Congress on Sajjan Kumar verdict: Respect court order, law taking its coursehttps://indianexpress.com/article/india/congress-on-sajjan-kumar-verdict-respect-court-order-law-taking-its-course-5498280/

Congress on Sajjan Kumar verdict: Respect court order, law taking its course

On Monday, the Congress said that Sajjan Kumar was not given a party ticket and does not hold any office whereas those accused of riots have been given positions in Gujarat.

In August, Congress president Rahul Gandhi had told leaders in London that the Congress was not involved in the anti-Sikh riots that followed the assassination of Indira Gandhi.

The Congress’s reaction to the conviction of Sajjan Kumar in a case related to the 1984 anti-Sikh riots was on predictable lines — the law should take its course, he holds no position in the party and what about the Gujarat riots and those involved in it. Not surprising, because the Congress has in the last 34 years never disowned Kumar, Jagdish Tytler and the late H K L Bhagat, who were MPs and ministers multiple times. But there were occasions when they were left out in the cold as well.

In August, Congress president Rahul Gandhi had told leaders in London that the Congress was not involved in the anti-Sikh riots that followed the assassination of Indira Gandhi. On Monday, the Congress said that Kumar was not given a party ticket and does not hold any office whereas those accused of riots have been given positions in Gujarat.

However, just two months after the 1984 riots, Bhagat, who was a Union minister of state, was elevated to Cabinet rank. Tytler was also inducted into the Union council of ministers for the first time 11 months later, in September 1985. Kumar, who was an MP in 1980, was fielded again in 1991 from Outer Delhi. He won and was given a ticket again in 1996 when he lost to BJP’s Krishan Lal Sharma. Kumar was denied a ticket in 1998 and 1999, but was the Congress candidate again in 2004. The denial in 1998 came soon after Sonia Gandhi expressed anguish over the killings of Sikhs at a speech in Chandigarh. Tytler and Bhagat were also denied tickets. But Tytler managed to get a ticket again in 1999.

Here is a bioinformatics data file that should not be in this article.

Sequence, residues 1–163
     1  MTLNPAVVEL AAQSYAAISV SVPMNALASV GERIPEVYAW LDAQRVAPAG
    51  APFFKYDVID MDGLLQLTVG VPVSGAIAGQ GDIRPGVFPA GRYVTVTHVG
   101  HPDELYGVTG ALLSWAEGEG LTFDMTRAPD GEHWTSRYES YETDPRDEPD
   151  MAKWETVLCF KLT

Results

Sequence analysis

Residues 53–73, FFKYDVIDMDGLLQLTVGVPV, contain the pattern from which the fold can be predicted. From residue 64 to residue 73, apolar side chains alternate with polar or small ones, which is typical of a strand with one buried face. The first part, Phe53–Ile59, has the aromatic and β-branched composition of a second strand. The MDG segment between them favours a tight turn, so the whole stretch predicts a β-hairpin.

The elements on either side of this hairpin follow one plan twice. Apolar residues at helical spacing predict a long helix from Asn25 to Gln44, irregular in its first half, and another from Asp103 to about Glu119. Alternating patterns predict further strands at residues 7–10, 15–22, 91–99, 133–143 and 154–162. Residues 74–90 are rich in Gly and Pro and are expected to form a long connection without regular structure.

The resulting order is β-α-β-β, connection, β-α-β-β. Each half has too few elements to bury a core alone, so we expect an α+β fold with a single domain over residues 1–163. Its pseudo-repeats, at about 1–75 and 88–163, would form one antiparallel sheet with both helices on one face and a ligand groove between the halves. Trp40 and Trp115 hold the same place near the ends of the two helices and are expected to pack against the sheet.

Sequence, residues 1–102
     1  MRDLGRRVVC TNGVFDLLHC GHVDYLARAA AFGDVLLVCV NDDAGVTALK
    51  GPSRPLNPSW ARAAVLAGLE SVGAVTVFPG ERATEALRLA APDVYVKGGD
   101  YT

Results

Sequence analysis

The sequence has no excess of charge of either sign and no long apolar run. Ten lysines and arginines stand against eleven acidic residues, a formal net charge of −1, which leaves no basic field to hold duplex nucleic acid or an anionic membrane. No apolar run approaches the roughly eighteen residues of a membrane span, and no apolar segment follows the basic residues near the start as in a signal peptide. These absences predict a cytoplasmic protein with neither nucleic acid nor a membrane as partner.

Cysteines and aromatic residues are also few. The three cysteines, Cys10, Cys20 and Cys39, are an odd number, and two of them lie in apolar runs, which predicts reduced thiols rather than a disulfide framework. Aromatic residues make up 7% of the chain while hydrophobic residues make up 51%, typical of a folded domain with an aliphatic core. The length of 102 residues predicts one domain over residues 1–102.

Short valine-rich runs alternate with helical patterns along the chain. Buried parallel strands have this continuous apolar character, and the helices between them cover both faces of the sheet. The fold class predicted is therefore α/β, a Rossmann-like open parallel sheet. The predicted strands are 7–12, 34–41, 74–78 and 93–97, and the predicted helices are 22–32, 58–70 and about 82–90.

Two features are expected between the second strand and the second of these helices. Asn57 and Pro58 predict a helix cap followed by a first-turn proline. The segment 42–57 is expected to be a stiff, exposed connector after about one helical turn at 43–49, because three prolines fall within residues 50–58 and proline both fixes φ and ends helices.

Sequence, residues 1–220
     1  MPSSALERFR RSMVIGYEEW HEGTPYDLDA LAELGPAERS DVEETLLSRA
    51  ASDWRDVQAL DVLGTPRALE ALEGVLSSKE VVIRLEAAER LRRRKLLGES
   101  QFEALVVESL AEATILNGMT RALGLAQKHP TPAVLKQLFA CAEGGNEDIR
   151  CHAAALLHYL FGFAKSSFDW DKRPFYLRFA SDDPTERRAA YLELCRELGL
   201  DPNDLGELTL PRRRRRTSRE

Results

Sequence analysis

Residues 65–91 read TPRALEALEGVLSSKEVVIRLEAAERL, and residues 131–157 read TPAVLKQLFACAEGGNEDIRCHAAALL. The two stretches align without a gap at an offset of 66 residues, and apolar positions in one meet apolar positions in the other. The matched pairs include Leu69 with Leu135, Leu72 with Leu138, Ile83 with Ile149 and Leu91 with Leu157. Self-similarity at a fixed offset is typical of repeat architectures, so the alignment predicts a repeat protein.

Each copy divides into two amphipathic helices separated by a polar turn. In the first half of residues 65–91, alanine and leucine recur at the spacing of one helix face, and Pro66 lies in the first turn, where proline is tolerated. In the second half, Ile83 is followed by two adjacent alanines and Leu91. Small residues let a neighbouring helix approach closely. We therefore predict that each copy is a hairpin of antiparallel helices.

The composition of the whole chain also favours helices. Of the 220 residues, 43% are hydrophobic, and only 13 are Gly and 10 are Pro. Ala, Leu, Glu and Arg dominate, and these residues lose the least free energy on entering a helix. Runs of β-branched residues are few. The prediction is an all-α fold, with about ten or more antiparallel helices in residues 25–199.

In 2004, Tytler and Kumar were fielded from seats in Delhi. They won and Tytler went on to become a minister in the UPA-I government, only to resign in 2005 after the Nanavati Commission indicted him. Tytler was a minister in the governments of Rajiv Gandhi, P V Narasimha Rao and Manmohan Singh.

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Bhagat headed Delhi Congress in the early 1990s. The party gave tickets to both Tytler and Kumar in 2009 but were dropped later.

Sources in Delhi Congress said the judgment against Kumar was not unexpected. “It is not going to have any adverse impact on the present day working of the party. He will immediately resign as an AICC member,” a senior Delhi Congress leader said. “We respect the judgment of the court. We have always been with the victims,” AICC in-charge P C Chacko told The Indian Express. His party colleague Abhishek Singhvi said Kumar’s is a legal and judicial issue and it must be allowed to take its own course.